On the other hand, France must recognize that actions such as its unjust support of Morocco continue to delegitimize its already dwindling influence and presence on the African continent. If the French government desires to restore trust in Africa, it should reverse course and support the human rights of Sahrawis. The Security Council also needs to show more willingness in finding a solution by backing the Envoy with more enforcement power. There should be incentives and penalties for parties involved who deliberately decide not to accept an objective peace deal. No matter the level of experience De Mistura has, if he does not get the full support of the P-5 on Western Sahara, he will fail to find a solution to this impasse just like his predecessors.
Since Morocco has returned to the AU, which it previously abandoned because of the AU’s recognition of Western Sahara, the Security Council should involve the AU in reaching a solution acceptable to all parties. Morocco exited the organization over the protest of the organization’s admittance of Western Sahara as a sovereign state and it has returned to the Union with Western Sahara still a legal member. However, Western Sahara remains a founding member of the AU and the organization is obligated by Article 20 of its Charter to support the cause of the Sahrawis. By devoting more authority to the AU to find a solution, legal momentum and pressure will be injected to get Morocco to reach a suitable agreement for the independence of the Polisario front.
Lastly, Morocco’s occupation of the Western Saharan territory can be likened to colonialism and should be treated as such. Western Sahara has a legal right to self-determination and total independence from Morocco; a position that is normatively and legally legitimate. The international community should commit to supporting the Frente Polisario’s right to independence through a joint communique that call-out Morocco’s occupation of Western Sahara and puts pressure on them to free the territory. Ending apartheid rule in South Africa involved sanctions and several instruments of coercion and this conflict should be approached from such a perspective for a solution to be reached quickly. One of the lessons from the methods employed to end apartheid rule in South Africa is that economic embargos are effective, and this is one policy option available to all major stakeholders in this conflict.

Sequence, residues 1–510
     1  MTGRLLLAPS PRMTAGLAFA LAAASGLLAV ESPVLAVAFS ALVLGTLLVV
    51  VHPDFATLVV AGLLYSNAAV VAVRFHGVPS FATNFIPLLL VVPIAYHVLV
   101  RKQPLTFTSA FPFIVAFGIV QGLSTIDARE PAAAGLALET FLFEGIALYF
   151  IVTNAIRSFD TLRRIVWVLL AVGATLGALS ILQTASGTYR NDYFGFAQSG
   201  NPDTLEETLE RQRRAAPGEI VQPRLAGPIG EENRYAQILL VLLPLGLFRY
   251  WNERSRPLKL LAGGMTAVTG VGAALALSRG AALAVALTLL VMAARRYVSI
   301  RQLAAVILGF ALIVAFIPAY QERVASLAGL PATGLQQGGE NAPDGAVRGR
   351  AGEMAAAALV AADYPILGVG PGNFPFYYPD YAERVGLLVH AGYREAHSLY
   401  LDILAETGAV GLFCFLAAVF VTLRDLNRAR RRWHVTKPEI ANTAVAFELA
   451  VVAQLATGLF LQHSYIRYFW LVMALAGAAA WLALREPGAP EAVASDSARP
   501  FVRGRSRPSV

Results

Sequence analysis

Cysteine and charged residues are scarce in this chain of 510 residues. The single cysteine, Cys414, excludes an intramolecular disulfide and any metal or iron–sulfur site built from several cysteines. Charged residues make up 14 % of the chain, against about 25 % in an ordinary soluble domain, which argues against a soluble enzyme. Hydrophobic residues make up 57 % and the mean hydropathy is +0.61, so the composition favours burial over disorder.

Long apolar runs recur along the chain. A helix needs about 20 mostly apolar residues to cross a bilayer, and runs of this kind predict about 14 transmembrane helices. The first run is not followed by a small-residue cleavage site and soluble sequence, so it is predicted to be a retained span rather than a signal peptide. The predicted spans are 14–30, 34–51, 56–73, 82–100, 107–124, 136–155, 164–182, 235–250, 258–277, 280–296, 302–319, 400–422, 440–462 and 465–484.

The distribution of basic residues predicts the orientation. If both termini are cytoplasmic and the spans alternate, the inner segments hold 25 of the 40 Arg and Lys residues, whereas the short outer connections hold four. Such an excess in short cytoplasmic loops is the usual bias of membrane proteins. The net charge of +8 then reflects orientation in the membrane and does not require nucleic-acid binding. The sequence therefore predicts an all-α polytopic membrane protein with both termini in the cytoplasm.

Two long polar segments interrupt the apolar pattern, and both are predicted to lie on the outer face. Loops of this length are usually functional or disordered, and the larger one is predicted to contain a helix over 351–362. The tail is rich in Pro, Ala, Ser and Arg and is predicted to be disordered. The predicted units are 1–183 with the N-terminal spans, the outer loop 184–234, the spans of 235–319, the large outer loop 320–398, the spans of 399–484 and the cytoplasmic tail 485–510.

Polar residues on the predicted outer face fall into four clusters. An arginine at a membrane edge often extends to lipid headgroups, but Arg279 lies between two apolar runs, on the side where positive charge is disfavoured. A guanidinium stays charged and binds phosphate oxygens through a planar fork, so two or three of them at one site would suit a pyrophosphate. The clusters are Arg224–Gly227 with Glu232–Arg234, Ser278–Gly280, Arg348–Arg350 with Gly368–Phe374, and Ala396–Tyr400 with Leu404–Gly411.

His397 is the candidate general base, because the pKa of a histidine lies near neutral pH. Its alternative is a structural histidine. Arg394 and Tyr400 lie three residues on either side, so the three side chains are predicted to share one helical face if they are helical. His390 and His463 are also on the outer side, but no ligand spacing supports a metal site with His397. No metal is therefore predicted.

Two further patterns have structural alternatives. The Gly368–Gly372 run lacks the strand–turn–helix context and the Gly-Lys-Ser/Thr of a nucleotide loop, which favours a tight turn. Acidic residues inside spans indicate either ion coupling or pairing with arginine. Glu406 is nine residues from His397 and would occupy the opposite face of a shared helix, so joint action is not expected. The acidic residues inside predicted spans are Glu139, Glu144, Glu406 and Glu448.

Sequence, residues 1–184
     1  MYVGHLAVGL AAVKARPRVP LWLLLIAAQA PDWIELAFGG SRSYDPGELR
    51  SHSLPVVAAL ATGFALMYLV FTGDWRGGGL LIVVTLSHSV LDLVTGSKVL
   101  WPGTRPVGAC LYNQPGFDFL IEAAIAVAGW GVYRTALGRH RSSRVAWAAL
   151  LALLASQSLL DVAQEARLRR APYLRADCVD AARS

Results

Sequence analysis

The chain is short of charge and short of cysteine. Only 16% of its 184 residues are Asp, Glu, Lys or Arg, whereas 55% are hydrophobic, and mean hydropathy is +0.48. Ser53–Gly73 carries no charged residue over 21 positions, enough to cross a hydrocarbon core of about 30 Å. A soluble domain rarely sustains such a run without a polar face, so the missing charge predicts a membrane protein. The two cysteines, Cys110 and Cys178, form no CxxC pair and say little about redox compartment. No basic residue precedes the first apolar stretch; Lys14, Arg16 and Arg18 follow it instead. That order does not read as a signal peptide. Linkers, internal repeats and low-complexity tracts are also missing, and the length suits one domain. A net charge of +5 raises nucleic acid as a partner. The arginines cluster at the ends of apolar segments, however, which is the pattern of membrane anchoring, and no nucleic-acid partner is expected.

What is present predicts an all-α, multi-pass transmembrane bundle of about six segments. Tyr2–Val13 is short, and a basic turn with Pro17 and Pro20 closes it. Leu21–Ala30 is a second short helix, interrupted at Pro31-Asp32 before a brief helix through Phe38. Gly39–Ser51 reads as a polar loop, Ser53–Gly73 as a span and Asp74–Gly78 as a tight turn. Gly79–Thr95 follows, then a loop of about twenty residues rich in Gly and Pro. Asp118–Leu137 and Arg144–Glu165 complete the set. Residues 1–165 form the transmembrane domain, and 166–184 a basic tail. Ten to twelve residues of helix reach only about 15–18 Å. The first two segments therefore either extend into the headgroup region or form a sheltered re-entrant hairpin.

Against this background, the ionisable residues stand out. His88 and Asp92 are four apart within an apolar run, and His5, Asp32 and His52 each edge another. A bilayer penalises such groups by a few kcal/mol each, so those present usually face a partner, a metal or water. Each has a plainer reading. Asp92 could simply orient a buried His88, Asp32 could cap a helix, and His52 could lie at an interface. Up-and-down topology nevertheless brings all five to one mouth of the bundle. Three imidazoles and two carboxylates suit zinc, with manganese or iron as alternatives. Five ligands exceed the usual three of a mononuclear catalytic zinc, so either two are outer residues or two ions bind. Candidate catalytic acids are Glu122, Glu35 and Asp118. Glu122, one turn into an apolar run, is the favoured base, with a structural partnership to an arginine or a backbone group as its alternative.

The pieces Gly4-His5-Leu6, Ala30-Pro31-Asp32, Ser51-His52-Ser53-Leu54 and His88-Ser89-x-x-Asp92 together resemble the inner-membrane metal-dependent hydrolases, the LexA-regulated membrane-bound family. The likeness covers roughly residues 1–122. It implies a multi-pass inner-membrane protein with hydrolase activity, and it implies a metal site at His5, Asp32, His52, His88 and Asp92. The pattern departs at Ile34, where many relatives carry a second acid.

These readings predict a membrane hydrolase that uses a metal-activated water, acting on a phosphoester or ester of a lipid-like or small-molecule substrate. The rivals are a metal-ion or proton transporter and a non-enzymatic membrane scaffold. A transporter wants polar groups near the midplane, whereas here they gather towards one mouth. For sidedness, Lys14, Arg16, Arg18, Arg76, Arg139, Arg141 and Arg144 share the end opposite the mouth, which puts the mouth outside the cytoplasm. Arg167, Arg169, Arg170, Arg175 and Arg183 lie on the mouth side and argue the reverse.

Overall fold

It goes without saying that although this case looks minute and has been ignored for decades, conflicts such as this encourage bad behavior from expansionist states because they perceive that there are no consequences to their actions. Today, it is Morocco laying claim to Western Sahara, tomorrow it may be Russia laying claim to more Ukrainian territories or China laying claim to Taiwan. These states must be adequately checked.
Chimdi Chukwukere is an Associate Editor with the Journal of Diplomacy and International Relations and a second-year M.A. candidate at the School of Diplomacy and International Relations at Seton Hall University. He is specializing in International Organizations & Foreign Policy Analysis. He is also a National Security Fellowship research student and the Graduate Chair of the Black Diplomacy Student’s Organization. He earned his bachelor’s degree in 2017 from Paul University, Nigeria where he majored in History and International Relations.